Music Sales Strong Despite Digital Piracy

It may be a one-time fluke or a sign of the broader economic recovery, but domestic music sales in the first quarter of this year increased dramatically for U.S. record labels.

Fueled by sales from artists like Norah Jones and Usher, both of whom accomplished the now-unusual feat of selling 1 million copies of their albums in a one-week period, overall sales grew 9.1 percent during the first quarter of 2004, according to a new survey by Nielsen SoundScan.

The growth includes the sale of legally downloaded songs from legit online music services, which boasted 25 million tracks sold during the first three months of this year. For the entire second half of last year, legal downloads accounted for only 19.2 million tracks.

Online Song Sales Spectacular

Sales of albums were up 9.2 percent, and sales of CDs in general, including albums and long-play format products, grew 10.2 percent — the first growth the industry has seen since 2000. Sales of CDs account for about 95 percent of the industry’s revenue, the survey said.

During the last three years, album sales have declined dramatically, dropping three percent in 2001, 11 percent in 2002 and 8.5 percent in 2003, according to the survey.

The music industry did not express wild enthusiasm about the upswing, noting that sales started “stabilizing” in the fourth quarter of last year. Fourth-quarter unit shipments helped offset a 10 percent decline to retail outlets in the fourth quarter of last year, research by PricewaterhouseCoopers indicated.

“While the music industry continues to face serious challenges, we are pleased that trends appear to be going in a more positive direction,” said Mitch Bainwol, chairman and CEO of the Recording Industry Association of America (RIAA).

Bainwol said record companies have taken a proactive approach to dealing with piracy, launching educational efforts and enforcement projects, including lawsuits, to increase the public’s awareness of illegal file sharing.

Independent Music Marketers

The proactive approach might have paid off, as sales at chain music stores increased by 7 percent, while independent music sales increased by 3 percent and discounters like Wal-Mart posted a 13 percent increase in sales.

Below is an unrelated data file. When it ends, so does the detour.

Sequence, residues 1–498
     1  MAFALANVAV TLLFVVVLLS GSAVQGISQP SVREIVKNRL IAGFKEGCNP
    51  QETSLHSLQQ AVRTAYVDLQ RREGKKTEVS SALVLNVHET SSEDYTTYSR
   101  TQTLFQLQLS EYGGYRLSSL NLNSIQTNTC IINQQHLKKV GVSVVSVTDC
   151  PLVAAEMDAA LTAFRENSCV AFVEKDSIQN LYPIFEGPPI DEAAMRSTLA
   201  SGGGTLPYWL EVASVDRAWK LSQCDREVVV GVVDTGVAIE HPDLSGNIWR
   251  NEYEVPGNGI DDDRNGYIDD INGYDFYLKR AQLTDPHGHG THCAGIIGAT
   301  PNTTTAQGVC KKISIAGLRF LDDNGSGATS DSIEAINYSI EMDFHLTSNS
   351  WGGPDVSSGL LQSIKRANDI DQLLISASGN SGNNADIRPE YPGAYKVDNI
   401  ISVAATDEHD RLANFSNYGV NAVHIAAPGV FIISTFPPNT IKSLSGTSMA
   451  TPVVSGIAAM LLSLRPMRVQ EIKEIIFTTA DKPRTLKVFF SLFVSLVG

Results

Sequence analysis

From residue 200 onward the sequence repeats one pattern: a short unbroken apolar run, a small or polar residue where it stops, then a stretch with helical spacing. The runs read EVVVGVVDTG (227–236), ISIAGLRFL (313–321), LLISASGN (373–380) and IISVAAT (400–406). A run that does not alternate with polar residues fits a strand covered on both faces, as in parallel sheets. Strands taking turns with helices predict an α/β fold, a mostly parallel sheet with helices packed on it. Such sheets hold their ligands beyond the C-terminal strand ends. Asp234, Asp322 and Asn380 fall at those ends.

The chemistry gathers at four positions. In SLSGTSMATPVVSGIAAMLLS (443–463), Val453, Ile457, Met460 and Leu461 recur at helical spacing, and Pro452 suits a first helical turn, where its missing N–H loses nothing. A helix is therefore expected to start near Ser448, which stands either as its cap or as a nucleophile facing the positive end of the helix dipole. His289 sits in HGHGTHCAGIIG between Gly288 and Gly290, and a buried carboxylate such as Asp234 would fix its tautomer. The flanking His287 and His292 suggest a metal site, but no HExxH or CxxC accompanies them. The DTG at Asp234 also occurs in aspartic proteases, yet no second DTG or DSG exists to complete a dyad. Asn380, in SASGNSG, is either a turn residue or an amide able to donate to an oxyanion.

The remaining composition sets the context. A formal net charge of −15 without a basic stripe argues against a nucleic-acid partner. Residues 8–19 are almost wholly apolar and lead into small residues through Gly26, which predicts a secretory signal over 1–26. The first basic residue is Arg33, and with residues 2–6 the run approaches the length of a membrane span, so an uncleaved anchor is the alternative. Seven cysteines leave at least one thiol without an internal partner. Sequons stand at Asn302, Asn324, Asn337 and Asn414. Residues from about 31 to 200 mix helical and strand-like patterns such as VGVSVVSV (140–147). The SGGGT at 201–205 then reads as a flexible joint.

Sales through legitimate online merchants, like Apple’s iTunes service, also surged strongly online.

“While legitimate online services continue to proliferate and evolve to meet consumer demands, this is truly a marketplace in its infancy,” said Bainwol. “Continued enforcement efforts are needed in order to create a level playing field on which legitimate online music services can compete and thrive.”

Federal Prosecutors Eye Downloads

To show that the music industry still means what it says about illegal file swapping, it has enlisted the help of the federal government.

Attorney General John Ashcroft two weeks ago named a senior attorney to lead the newly created Intellectual Property Task Force at the Department of Justice. This task force will develop recommendations for how the federal government can get involved in stopping online music piracy in the future.

“We applaud the Justice Department’s formation of an Intellectual Property Task Force,” said the RIAA’s Bainwol. “We are pleased that Attorney General Ashcroft continues to make intellectual property an important issue.”

Even with all the antipiracy efforts, the illegal downloading phenomenon still poses a technological challenge to the music industry, much like the one it faced in the early 1980s, when eight-track cassette tape sales dropped, and in the early 1990s, when CDs began to replace vinyl discs.

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